Serbia: the IMF has granted consent to the unfreezing of wages, pensions and social allowances
The International Monetary Fund (IMF) on 1 August granted consent for a raise in public sector wages and a re-evaluation of pensions and social allowances in January 2011, the first one since 2009. The government hopes that this move will improve public sentiment and stimulate economic growth.
The freezing of wages, pensions and social allowances was one of the main conditions for obtaining a stand by loan from the IMF in 2009. This allowed the state to keep itself financially stable and to reduce the budget deficit (to 4.2% GDP in 2009, fiscal deficit target for 2010 is 4.8% GDP), however it significantly raised the level of public dissatisfaction. For this reason, the Serbian government has been in negotiations with the IMF since the beginning of this year regarding consent for an increase in public benefits.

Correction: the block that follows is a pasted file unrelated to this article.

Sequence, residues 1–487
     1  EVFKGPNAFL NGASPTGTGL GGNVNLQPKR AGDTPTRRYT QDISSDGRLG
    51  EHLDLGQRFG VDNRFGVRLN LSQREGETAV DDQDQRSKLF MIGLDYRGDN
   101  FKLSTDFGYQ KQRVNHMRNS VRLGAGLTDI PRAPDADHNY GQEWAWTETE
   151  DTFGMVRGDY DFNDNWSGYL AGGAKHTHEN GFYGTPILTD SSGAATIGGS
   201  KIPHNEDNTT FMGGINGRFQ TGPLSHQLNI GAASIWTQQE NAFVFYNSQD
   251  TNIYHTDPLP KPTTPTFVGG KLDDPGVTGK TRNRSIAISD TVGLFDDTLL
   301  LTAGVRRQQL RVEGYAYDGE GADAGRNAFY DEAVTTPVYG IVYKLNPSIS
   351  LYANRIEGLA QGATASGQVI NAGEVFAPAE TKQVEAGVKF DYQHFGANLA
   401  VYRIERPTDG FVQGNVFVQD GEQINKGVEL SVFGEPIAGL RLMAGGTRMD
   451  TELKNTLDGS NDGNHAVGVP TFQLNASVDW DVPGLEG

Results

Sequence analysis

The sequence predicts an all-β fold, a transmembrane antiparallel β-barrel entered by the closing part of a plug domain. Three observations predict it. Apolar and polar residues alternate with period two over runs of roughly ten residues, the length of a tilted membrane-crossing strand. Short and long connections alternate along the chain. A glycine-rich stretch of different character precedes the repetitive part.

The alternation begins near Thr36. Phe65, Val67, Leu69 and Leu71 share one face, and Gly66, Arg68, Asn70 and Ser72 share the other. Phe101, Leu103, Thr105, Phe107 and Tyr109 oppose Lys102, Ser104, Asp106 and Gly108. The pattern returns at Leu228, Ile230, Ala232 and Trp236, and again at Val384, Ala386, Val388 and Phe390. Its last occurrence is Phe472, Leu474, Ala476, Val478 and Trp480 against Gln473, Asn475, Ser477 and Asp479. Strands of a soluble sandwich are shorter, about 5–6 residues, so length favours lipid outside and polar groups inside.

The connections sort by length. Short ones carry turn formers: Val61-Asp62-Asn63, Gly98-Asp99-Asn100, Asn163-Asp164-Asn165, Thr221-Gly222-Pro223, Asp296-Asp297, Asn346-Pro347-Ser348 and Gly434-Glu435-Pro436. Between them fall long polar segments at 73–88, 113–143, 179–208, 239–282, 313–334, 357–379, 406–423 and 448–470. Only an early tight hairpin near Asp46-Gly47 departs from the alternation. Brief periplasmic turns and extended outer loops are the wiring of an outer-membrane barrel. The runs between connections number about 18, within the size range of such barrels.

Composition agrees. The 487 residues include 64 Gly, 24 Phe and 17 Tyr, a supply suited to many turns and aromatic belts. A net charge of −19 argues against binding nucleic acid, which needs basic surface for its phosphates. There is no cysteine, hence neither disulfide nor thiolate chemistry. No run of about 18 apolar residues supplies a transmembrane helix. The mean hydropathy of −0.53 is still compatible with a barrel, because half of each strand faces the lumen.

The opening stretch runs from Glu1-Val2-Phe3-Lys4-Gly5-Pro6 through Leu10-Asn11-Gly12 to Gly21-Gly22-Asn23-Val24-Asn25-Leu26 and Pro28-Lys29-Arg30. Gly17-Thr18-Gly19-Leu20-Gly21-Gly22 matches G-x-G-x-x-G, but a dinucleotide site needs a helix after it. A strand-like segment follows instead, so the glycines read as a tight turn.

The IMF has taken this decision because the Serbian government has been implementing its recommendations efficiently. However, the IMF made the release of another tranche of the loan dependent on the government’s passing a fiscal responsibility act by 27 September 2010. This piece of legislation is expected to prevent budget deficit from growing in coming years.
The increase in the inflation rate (6.6% in 2009) and the significant devaluation of the dinar against the euro (by 11% since the beginning of this year) have caused a significant reduction in the real income of Serbs. The sluggish economic growth in the first half of the year has also failed to stimulate new jobs. The unemployment rate is still growing (reaching 19.2% this July). All those factors are causing increasing public dissatisfaction. The government hopes that the raise in wages and allowances will help improve public sentiment and stimulate economic growth owing to the ensuing improvement in internal demand. The IMF’s decision is an expression of its support for the present policy of a government determined to continue the process of reforms which are painful to society. <MarSz>